Estate planning is the process of arranging how your assets and affairs will be handled after your death or incapacity. It can include making a will, setting up trusts, naming beneficiaries, appointing guardians and more.
Contrary to popular belief, estate planning is not only for older people. Ideally, everyone above the majority age should have an estate plan. But when should you start making your estate plans? Is there a perfect age for this critical task? Here is what you need to know.
Factors to consider
There is no one-size-fits-all answer to when to start making your estate plans. Some of the things you should look at include:
- Your family situation: If you have a spouse, children or other dependents, you should start planning your estate as soon as possible. You want to ensure they are taken care of and have access to your assets if something happens to you.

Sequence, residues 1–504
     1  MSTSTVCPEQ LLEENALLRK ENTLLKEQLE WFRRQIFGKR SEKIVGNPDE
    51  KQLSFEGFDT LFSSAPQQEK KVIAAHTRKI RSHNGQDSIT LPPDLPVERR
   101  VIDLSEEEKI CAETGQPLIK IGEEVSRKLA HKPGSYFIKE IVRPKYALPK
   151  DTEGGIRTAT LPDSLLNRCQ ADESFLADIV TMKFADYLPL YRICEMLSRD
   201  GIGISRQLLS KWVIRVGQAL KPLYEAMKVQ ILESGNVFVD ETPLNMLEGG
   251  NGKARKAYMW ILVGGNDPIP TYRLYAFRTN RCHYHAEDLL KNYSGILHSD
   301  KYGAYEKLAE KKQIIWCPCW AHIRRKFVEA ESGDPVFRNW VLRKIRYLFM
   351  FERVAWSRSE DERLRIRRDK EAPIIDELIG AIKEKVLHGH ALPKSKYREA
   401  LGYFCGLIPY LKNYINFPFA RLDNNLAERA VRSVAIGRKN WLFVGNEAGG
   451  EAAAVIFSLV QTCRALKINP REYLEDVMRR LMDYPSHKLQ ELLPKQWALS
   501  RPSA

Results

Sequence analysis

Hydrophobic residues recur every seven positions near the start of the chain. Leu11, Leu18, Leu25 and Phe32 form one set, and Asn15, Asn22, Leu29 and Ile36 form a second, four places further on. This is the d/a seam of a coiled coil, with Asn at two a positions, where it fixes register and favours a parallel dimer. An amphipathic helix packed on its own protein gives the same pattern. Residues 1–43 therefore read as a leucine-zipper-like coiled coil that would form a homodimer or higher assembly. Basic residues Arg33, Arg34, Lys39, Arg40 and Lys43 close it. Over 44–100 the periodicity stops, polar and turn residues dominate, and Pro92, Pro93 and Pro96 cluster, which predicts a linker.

- Your financial situation: If you have significant assets, such as a home, a business or investments, you should start planning your estate early. You want to avoid potential disputes among your heirs and also plan for the succession of your business or the management of your assets if you become incapacitated.
- Your health situation: You also want to prepare for the possibility of losing your mental or physical capacity and ensure that your medical and financial decisions are made by someone you trust.
It’s best to lay the proper plans now, given the unpredictability of life. Think of all the chaos and confusion you may leave if you die without a proper estate plan. You may not be present to experience the aftermath, but your loved ones will pay the price. It can lead to unending family conflicts.
Creating an estate plan early can provide peace of mind, and help ensure your assets are distributed according to your wishes and that your loved ones are cared for in the event of your passing.